Like most of the Apttus suite of applications, X-Author came about as a response to customer requests for functionality, says Krappe. The company's first application was for contract management, built on the Salesforce platform. Other functionality soon followed, as Krappe explains:

"Quote-to-cash turns out to cover a huge footprint. The way the company evolved, these Salesforce customers would ask us, 'Can you create a deal manager? Can you create a configurator?'."

Going native on Salesforce

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Krappe says that the concept of building the company's applications on the Salesforce platform had occurred to him long before the vendor formally launched the idea that has since spawned a large ecosystem.

"Eighteen months before existed, I had this notion that if we could go to Salesforce and put it on their architecture and have them deliver it, we'd save ourselves a whole lot of trouble."

This was done without any concept of selling to existing Salesforce users, recalls Krappe:

"The thought was to take that infrastructure investment, that scalability, off the table. There was no idea to say, 'Wouldn't this be interesting to Salesforce customers?' Our first 10 customers were not Salesforce customers."

Then Apttus won Salesforce user Symantec as a customer and the model clicked. But the relationship has worked to both vendors' advantage, as Krappe explains:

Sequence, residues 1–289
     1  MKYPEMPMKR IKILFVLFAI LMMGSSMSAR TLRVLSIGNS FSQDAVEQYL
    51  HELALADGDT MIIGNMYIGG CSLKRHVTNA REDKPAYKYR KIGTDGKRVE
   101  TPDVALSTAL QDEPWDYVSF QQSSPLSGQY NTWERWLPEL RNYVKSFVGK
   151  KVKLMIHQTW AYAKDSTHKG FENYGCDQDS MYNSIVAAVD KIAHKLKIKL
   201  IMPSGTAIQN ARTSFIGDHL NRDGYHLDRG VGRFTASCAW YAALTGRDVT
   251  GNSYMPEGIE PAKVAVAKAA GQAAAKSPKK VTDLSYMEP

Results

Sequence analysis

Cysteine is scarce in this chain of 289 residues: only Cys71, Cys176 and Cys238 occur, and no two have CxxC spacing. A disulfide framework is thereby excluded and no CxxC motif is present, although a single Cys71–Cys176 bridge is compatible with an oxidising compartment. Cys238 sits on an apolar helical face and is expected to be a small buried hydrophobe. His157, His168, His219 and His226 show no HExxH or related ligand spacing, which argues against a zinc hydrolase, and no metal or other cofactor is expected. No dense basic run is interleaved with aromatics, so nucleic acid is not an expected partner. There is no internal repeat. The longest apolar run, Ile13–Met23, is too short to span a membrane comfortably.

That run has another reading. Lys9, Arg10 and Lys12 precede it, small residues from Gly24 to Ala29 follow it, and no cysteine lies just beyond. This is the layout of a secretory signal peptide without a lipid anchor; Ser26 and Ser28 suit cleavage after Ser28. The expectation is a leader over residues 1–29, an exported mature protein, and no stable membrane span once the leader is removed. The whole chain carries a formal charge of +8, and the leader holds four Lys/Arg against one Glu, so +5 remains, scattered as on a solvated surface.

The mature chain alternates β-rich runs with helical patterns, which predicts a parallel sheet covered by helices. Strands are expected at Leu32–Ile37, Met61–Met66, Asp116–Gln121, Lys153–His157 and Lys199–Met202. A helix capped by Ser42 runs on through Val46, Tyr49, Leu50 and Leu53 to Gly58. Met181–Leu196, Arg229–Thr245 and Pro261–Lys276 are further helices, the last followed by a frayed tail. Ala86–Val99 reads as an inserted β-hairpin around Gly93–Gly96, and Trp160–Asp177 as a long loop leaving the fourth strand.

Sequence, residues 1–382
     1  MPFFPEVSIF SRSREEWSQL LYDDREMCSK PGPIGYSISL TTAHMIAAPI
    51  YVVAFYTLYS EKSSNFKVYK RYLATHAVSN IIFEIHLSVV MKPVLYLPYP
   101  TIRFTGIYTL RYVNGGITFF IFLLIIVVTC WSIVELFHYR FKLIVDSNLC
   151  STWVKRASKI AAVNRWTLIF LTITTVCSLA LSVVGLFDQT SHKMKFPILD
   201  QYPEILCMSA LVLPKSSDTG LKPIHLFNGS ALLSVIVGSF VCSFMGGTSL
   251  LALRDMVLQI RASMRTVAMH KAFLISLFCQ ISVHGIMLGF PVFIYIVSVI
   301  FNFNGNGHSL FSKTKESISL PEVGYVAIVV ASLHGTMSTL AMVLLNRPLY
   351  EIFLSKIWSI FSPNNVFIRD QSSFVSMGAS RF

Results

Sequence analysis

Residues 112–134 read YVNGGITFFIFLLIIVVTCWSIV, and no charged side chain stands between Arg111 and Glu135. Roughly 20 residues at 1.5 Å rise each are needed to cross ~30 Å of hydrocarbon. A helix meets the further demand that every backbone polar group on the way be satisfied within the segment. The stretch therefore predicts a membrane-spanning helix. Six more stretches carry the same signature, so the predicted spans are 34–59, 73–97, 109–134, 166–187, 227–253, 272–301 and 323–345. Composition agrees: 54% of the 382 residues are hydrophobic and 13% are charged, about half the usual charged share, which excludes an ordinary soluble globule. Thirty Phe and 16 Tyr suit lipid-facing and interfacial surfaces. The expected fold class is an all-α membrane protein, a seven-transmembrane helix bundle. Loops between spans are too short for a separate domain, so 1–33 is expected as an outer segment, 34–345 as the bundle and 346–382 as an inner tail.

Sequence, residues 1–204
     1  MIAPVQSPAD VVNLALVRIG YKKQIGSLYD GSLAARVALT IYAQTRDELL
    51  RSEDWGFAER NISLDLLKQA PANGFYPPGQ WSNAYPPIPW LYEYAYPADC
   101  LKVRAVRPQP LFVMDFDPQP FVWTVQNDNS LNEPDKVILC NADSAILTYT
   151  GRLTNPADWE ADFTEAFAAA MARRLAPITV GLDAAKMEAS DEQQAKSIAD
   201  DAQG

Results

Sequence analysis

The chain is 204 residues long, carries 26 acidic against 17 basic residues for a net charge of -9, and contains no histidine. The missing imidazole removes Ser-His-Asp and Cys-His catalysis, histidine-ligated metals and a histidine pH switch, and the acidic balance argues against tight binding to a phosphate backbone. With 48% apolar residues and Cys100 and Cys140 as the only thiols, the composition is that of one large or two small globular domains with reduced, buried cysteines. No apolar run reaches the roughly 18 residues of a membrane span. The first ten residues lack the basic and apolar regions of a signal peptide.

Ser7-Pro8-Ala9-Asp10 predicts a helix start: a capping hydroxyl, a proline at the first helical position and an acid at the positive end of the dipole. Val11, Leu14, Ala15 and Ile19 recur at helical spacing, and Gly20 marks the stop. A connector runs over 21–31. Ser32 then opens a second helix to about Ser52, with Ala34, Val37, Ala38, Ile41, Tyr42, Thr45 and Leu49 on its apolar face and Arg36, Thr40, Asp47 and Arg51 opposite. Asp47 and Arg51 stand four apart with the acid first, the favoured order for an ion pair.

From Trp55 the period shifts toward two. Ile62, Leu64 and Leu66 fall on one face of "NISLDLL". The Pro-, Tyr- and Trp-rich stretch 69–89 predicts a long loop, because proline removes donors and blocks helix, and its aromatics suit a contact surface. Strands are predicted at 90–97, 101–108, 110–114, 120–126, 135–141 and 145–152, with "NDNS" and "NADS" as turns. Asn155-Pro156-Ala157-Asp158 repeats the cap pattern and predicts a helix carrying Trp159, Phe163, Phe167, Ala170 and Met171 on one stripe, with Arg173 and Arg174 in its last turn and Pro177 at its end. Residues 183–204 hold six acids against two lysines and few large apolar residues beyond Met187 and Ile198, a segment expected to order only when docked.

"We brought Alcatel Lucent to We got in and sold our application and that jarred the door a little bit. That little door jarring was just enough for them to get in there."

From bootstrap to VC darling

Until last September, the startup bootstrapped its growth, relying on revenues and credit cards to pay its way (at its worst, Krappe's Amex balance dipped to a $71k debt).

"This model of building on a platform that would give us an advantage worked. We made enough money to pay everyone in the company.

"We've been profitable every quarter the company's existed until Q4 last year."

That Q4 loss was intentional and linked to the decision to accept some capital, which the company had previously always declined, despite many serious offers.

"We said we don't need to raise capital. We never took it. We were adamant not to raise money. But then we said, if we got some astonishing valuation and could take a few percent, should we? And that's what we did."